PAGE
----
Instead? They ran right for three yards on first, lost two yards on second down running left, and then for the coup de grace, they weren’t able to get the play off in time when they lined up for third down, costing them a critical five yards when they needed all the field position they could get. On 3rd and 9, Tyler Huntley was sacked, and out came Justin Tucker for three points.
Who knows exactly happened in this disaster of a sequence, but it’s hard not to think of it as one of the defining images of what’s become a lost Ravens season. A comically depleted offense, led by a young unknown quantity at quarterback with a chance to go and improbably win the game... and what do they do? Put themselves in a third down situation where they commit a procedural penalty that backs them up where they could absolutely not afford it, and settle for three points as a result.
After the game, Huntley pleaded his case that the officials had jumped the gun, and that the on-field play clock had them at one second left to operate when he took the snap on the critically botched third down. But, no matter. In a season where Baltimore was potentially on the lucky end of a bad call in this category vs. Detroit in Week 3, this simply felt like yet another example of the great wheel of football fortune evening itself out for a team who had initially felt charmed.
They weren’t without their chances to win it, either. When the Rams had driven down into the Ravens’ red zone and faced a 4th and 5 with 1:08 to go from the Ravens 12, a stop meant all but victory for Baltimore. Instead, an overmatched Tavon Young lost the inside leverage battle with Odell Beckham Jr. who made an impressive hands catch to pick up the first with his forward progress. On the very next play, Beckham breezed past the right side of the Ravens defense to score at the pylon, and ultimately give his team a one point lead with a minute to play.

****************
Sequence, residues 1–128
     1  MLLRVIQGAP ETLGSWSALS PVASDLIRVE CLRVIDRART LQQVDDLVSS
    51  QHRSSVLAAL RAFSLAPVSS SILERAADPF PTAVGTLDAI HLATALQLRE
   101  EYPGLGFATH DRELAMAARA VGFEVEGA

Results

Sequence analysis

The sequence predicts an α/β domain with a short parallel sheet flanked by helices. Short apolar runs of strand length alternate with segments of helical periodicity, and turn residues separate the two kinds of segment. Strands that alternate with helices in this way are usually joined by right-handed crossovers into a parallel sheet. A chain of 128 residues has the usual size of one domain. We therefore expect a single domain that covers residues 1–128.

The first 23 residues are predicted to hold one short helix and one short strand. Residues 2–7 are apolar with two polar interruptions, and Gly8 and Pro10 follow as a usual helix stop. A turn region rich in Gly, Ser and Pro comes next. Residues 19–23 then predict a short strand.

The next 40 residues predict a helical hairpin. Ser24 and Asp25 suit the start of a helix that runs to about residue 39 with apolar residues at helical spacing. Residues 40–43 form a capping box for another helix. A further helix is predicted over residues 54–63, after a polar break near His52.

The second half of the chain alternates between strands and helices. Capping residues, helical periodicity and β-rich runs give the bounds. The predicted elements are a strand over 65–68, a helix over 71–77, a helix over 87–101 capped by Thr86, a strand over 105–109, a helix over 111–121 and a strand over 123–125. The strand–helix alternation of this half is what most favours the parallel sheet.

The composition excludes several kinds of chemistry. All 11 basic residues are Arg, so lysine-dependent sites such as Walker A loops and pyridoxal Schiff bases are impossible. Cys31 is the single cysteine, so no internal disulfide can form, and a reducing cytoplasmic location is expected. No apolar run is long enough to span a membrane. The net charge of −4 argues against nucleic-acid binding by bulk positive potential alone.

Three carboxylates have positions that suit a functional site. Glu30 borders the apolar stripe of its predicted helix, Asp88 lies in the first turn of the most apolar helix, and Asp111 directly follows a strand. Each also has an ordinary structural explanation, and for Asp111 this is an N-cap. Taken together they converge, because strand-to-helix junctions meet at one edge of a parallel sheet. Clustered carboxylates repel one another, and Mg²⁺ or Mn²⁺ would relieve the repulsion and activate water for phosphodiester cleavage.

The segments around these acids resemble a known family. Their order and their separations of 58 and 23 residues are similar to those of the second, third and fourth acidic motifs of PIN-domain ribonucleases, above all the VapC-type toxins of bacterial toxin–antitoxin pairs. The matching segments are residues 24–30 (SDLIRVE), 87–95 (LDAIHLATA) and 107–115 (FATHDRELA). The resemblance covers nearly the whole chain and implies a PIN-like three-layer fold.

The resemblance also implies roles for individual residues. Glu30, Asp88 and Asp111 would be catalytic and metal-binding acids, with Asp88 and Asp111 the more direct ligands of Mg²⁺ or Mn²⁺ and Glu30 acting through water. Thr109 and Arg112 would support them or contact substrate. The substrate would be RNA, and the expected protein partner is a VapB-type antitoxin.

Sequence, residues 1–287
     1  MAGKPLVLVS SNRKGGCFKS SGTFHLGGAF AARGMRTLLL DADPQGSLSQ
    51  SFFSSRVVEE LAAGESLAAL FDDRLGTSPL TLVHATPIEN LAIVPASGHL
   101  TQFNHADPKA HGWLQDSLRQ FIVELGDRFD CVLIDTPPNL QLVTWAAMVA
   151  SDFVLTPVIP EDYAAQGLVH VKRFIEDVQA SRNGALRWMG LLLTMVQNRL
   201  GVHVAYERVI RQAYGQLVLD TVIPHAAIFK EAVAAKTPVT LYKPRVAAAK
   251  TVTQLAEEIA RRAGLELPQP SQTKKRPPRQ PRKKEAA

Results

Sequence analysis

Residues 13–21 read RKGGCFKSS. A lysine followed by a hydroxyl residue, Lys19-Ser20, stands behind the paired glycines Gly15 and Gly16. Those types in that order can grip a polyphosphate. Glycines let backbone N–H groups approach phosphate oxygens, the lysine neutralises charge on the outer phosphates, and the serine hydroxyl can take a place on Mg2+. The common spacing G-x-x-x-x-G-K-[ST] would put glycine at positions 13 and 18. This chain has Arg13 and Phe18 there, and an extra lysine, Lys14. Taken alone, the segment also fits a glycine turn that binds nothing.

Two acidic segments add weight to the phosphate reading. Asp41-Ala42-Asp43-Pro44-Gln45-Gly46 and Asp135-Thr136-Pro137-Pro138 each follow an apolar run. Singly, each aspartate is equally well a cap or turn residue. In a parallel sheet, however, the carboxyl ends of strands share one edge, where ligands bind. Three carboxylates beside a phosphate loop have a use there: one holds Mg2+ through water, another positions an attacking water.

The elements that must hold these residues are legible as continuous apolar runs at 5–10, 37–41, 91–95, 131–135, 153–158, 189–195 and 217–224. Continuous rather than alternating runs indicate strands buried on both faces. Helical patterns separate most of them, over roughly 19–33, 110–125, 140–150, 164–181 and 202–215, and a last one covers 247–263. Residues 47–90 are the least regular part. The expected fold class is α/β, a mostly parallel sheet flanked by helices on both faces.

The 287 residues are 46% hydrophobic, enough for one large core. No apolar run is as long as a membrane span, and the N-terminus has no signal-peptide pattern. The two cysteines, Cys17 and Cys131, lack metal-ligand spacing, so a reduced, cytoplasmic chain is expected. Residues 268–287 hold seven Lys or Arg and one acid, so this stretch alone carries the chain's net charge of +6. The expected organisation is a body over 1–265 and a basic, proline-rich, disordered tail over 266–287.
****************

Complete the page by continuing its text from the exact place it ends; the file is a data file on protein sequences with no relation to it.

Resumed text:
With Justin Tucker, you’d think the Ravens would have a chance from there, but an all-too-familiar discombobulated final drive by their offense ended in a whimper, with Rashod Bateman fumbling away a hook-and-ladder attempt to seal the deal.
Sad as it is for Baltimore sympathizers, it lined up well with what they’ve gotten used to seeing in recent weeks. An uneven performance, dominated by one side of the ball, that gave them a crucial look to go and win it in the clutch. And, unlike the first half of the year, they were once again unable to finish when they faced it.
This isn’t something that this franchise’s key figures are particularly used to. They pride themselves on finishing the job in big moments and don’t make excuses when they aren’t able to. Whether you think that’s a fair standard this year considering the unprecedented spate of absences they’ve been dealing with across injuries and COVID-19 losses is up to you, but either way, they’ll likely be on the outside looking into the postseason picture when it’s all said and done, and the difference will realistically have proven to be a few yards.
What’s especially difficult to swallow about today’s loss is that it didn’t come in the fashion we had gotten used to in recent weeks. From the opening kickoff, right up until they faced that critical goal-to-go situation with just over six minutes to play, the Ravens were in control of this game. And it was thanks to a combination of poor play calling, execution, and procedural penalties that left them walking off the field with the feeling of control wrested away from them in the blink of an eye.